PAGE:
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Open Access Research article

Ordered structure of the transcription network inherited from the yeast whole-genome duplication

Diana Fusco12, Luigi Grassi3, Bruno Bassetti14, Michele Caselle35 and Marco Cosentino Lagomarsino16*

Author Affiliations

1 Università degli Studi di Milano, Dip. Fisica. Via Celoria 16, 20133 Milano, Italy

2 Duke University, Program in Computational Biology and Bioinformatics, North Building, 470 Research Drive, Durham NC 27708, USA

3 Università degli Studi di Torino, Dip. Fisica Teorica, Via Giuria 1, 10125 Torino, Italy

4 I.N.F.N. Milano, Via Celoria 16, 20133 Milano, Italy

5 I.N.F.N. Torino, Via Giuria 1, 10125 Torino, Italy

6 Genomic Physics Group, FRE 3214 CNRS "Microorganism Genomics" and University Pierre et Marie Curie, 15 rue de l'École de Médecine, 75006, Paris, France

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BMC Systems Biology 2010, 4:77  doi:10.1186/1752-0509-4-77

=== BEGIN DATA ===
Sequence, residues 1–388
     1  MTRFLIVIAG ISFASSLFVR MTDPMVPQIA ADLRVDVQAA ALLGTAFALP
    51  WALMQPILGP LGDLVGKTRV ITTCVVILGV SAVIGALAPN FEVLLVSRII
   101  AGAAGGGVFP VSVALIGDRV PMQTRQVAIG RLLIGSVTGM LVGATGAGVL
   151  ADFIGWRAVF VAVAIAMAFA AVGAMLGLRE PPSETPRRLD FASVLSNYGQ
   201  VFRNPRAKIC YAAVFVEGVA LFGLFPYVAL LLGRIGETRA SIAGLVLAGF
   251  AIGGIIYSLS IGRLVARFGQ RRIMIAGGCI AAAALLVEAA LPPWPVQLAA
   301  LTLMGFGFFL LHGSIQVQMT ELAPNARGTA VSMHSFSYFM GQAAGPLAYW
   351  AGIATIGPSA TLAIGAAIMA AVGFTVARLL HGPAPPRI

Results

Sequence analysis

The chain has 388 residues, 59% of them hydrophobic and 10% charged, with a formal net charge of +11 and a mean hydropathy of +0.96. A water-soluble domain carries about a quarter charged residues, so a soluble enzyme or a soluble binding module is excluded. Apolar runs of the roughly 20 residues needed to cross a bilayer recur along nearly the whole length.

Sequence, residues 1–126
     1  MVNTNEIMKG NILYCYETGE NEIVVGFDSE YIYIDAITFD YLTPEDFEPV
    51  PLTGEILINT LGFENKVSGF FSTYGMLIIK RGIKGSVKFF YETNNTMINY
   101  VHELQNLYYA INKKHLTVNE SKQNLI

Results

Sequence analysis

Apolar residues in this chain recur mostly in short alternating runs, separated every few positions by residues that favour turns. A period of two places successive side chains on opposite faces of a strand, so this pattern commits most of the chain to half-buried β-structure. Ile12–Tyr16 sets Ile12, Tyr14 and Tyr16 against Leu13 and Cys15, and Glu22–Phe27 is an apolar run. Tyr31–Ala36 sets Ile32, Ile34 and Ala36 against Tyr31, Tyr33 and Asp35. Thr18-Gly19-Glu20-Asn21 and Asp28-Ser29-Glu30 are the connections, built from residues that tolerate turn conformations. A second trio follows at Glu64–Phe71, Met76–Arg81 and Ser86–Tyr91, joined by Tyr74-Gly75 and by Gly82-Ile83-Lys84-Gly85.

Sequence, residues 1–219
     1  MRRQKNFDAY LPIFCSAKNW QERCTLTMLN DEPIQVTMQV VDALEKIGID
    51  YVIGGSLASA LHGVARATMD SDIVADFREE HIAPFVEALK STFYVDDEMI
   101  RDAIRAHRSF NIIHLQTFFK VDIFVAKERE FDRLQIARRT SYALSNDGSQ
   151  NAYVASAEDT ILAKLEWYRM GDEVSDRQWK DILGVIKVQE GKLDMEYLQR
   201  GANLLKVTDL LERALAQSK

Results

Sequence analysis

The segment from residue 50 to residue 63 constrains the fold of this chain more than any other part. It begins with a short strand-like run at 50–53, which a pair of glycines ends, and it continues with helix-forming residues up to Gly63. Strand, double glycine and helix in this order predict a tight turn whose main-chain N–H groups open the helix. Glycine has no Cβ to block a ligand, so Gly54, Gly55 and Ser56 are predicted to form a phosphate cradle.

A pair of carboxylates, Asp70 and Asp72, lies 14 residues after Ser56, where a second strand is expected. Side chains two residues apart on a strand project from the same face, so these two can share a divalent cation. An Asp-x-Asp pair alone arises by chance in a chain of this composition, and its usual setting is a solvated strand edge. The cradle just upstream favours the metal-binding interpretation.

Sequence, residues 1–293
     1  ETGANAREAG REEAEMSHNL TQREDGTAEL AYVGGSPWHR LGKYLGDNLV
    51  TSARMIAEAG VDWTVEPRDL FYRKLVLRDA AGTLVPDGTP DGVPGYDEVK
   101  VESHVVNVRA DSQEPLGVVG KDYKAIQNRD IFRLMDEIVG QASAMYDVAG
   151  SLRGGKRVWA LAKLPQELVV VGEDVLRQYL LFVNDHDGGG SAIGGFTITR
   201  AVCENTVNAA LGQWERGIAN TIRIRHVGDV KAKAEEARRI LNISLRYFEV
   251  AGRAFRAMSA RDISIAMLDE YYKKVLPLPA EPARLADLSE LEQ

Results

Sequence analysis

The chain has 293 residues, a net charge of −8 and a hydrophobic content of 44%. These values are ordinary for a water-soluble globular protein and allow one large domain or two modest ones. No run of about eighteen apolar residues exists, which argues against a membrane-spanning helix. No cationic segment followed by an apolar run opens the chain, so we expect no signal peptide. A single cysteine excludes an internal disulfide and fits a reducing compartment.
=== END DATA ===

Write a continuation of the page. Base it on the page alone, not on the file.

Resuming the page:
Published: 3 June 2010

Abstract

Background

Gene duplication, a major evolutionary path to genomic innovation, can occur at the scale of an entire genome. One such "whole-genome duplication" (WGD) event among the Ascomycota fungi gave rise to genes with distinct biological properties compared to small-scale duplications.

Results

We studied the evolution of transcriptional interactions of whole-genome duplicates, to understand how they are wired into the yeast regulatory system. Our work combines network analysis and modeling of the large-scale structure of the interactions stemming from the WGD.

Conclusions

The results uncover the WGD as a major source for the evolution of a complex interconnected block of transcriptional pathways. The inheritance of interactions among WGD duplicates follows elementary "duplication subgraphs", relating ancestral interactions with newly formed ones. Duplication subgraphs are correlated with their neighbours and give rise to higher order circuits with two elementary properties: newly formed transcriptional pathways remain connected (paths are not broken), and are preferentially cross-connected with ancestral ones. The result is a coherent and connected "WGD-network", where duplication subgraphs are arranged in an astonishingly ordered configuration.